"The isles saw it, and feared; the ends of the earth were afraid, drew near, and came. They helped every one his neighbour; and every one said to his brother, Be of good courage. So the carpenter encouraged the goldsmith, and he that smootheth with the hammer him that smote the anvil, saying, It is ready for the sodering: and he fastened it with nails, that it should not be moved." (Isaiah 41:5-7)
In contrast to Abraham's rejection of idolatry, the Lord presents man's acceptance of it. The context seems to indicate that Abraham's victories over Chedorlaomer struck fear into the hearts of the surrounding nations. However, this fear did not move them to faith in Jehovah God. It only encouraged them to beautify and to strengthen their idols. Each idolater encouraged his neighbor to trust in his god. The carpenter is the engraver or the artificer. This man was responsible for carving out or forming the idol's shape. The goldsmith would overlay the idol, and the man with the hammer and anvil would form the various parts and appendages. Blinded by faithlessness, each man trusted in his idolatry while rejecting a relationship with God through faith.
"But thou, Israel, art my servant, Jacob whom I have chosen, the seed of Abraham my friend. Thou whom I have taken from the ends of the earth, and called thee from the chief men thereof, and said unto thee, Thou art my servant; I have chosen thee, and not cast thee away. Fear thou not; for I am with thee: be not dismayed; for I am thy God: I will strengthen thee; yea, I will help thee; yea, I will uphold thee with the right hand of my righteousness. Behold, all they that were incensed against thee shall be ashamed and confounded: they shall be as nothing; and they that strive with thee shall perish. Thou shalt seek them, and shalt not find them, even them that contended with thee: they that war against thee shall be as nothing, and as a thing of nought. For I the LORD thy God will hold thy right hand, saying unto thee, Fear not; I will help thee." (Isaiah 41:6-13)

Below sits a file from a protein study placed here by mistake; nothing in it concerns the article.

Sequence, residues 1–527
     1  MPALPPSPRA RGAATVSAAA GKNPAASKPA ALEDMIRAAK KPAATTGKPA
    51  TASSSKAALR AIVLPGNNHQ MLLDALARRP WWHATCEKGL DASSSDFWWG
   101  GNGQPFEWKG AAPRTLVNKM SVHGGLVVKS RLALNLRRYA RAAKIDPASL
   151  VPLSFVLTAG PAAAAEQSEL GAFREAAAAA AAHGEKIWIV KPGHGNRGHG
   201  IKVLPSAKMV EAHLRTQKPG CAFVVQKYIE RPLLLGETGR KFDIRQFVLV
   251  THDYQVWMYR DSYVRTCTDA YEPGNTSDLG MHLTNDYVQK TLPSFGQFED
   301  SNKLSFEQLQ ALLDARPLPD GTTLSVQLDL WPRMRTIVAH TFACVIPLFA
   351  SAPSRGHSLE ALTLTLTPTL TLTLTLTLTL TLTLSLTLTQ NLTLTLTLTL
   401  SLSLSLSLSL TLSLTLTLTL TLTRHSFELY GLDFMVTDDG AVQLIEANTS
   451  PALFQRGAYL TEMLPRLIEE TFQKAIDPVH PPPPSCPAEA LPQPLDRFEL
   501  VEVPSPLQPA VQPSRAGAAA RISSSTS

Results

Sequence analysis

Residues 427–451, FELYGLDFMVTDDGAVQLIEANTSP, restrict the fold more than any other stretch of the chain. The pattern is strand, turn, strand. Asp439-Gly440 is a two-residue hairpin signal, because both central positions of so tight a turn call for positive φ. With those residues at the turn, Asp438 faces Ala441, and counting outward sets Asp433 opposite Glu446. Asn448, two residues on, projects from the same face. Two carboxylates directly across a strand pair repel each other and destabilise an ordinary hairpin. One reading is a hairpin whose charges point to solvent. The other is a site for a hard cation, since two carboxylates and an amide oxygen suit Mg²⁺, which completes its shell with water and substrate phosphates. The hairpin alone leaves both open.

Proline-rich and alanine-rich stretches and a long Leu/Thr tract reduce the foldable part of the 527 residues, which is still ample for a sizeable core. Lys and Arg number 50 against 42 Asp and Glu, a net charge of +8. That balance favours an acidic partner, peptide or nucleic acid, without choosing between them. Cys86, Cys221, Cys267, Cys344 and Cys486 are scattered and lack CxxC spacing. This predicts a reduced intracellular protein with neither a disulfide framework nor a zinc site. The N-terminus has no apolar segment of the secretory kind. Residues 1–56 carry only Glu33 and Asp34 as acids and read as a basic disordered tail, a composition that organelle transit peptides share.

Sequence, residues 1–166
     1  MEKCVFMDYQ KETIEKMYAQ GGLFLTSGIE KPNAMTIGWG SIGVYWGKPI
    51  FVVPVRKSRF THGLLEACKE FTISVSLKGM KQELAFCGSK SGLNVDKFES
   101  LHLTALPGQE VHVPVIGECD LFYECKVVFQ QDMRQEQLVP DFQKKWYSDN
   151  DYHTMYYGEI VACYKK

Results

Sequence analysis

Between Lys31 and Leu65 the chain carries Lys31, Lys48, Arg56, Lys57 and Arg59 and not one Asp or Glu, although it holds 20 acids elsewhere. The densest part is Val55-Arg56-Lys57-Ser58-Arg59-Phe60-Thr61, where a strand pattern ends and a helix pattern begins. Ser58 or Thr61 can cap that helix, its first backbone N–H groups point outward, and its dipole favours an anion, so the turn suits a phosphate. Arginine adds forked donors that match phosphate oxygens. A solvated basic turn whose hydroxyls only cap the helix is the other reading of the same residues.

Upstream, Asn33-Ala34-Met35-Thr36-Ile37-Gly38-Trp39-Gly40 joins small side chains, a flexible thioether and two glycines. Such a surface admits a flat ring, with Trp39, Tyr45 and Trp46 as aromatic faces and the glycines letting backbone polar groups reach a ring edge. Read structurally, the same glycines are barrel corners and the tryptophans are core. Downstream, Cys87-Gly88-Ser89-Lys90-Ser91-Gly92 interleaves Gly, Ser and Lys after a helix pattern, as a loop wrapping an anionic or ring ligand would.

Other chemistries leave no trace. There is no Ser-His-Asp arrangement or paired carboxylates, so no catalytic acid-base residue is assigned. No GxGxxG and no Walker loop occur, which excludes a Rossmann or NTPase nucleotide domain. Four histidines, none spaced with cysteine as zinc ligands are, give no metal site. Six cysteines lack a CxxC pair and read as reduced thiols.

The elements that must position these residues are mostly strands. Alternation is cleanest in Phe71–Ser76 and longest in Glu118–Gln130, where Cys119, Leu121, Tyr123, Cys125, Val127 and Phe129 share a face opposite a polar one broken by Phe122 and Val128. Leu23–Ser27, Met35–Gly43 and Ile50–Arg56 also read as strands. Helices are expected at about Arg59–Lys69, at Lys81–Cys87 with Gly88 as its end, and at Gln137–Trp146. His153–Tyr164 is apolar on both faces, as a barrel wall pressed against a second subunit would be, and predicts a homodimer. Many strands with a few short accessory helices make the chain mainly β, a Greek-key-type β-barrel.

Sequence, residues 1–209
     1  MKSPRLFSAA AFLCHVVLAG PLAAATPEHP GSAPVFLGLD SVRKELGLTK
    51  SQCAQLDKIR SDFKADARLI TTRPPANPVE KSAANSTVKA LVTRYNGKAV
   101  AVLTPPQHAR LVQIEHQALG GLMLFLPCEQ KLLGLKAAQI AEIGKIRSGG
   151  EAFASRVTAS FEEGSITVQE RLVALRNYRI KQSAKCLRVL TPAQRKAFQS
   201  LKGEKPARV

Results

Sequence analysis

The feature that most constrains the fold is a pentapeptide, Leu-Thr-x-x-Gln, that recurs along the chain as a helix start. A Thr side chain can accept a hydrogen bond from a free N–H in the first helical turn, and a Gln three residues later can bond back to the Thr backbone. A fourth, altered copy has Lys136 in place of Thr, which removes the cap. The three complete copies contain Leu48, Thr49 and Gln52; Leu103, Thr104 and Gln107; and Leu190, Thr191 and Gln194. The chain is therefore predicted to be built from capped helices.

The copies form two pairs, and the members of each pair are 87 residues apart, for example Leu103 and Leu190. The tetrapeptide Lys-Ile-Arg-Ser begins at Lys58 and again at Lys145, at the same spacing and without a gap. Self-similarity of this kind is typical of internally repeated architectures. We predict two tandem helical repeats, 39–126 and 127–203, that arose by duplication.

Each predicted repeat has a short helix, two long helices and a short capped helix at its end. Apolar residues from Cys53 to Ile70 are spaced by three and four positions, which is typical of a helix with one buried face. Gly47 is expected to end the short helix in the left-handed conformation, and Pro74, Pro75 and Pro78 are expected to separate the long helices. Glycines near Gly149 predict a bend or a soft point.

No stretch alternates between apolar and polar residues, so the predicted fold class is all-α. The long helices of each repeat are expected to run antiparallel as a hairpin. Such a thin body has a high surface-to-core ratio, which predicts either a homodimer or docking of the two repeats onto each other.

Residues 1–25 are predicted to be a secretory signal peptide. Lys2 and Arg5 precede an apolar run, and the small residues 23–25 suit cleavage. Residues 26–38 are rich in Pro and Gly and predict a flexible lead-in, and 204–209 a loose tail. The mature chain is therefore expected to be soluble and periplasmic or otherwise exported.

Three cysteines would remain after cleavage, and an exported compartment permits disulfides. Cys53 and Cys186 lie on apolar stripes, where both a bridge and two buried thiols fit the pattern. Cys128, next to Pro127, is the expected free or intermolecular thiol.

How foolish to pine away in idolatry when God had called Israel's father out of such things. The word for friend is literally beloved. Abraham was beloved of God not for some intrinsic self-righteousness but for faith in his Creator. In turn, this faith manifested itself in a life that was noticeably different from the world. James quoted both Genesis 15:6 and this passage here in Isaiah when he wrote, "And the scripture was fulfilled which saith, Abraham believed God, and it was imputed unto him for righteousness: and he was called the Friend of God (James 2:23)."
God's covenant of faith with Abraham cannot be broken, and so the Lord commands Israel not to fear. Although Israel would undergo intense judgment because of her rebellion, she will one day be delivered. Such deliverance will not come through her goodness but through the goodness of God. The emphasis is on God's ability and not man's as He says I will strengthen, I will help and I will uphold. All of these actions come through the strong hand of God's righteousness. Man's righteousness brings death, but faith in God's righteousness brings life. With great clarity, God makes it evident that "The just shall live by faith (Galatians 3:11)."
The Lord promises to destroy Israel's persecutors. In 605 BC, what was left of Assyria's power was destroyed in the Battle of Carchemish. Babylon fell under Persian control in 539. Persia gave up her dominance to the Greeks at the Battle of Gaugamela in 331. The Roman Empire came and went. Down through the years, Israel's persecutors have been many and more will arise; however, they are all destined for the same end. God's hand will preserve His people. Christ's righteousness will someday cleanse His people, and in the millennial kingdom every enemy of God will be subservient to Christ.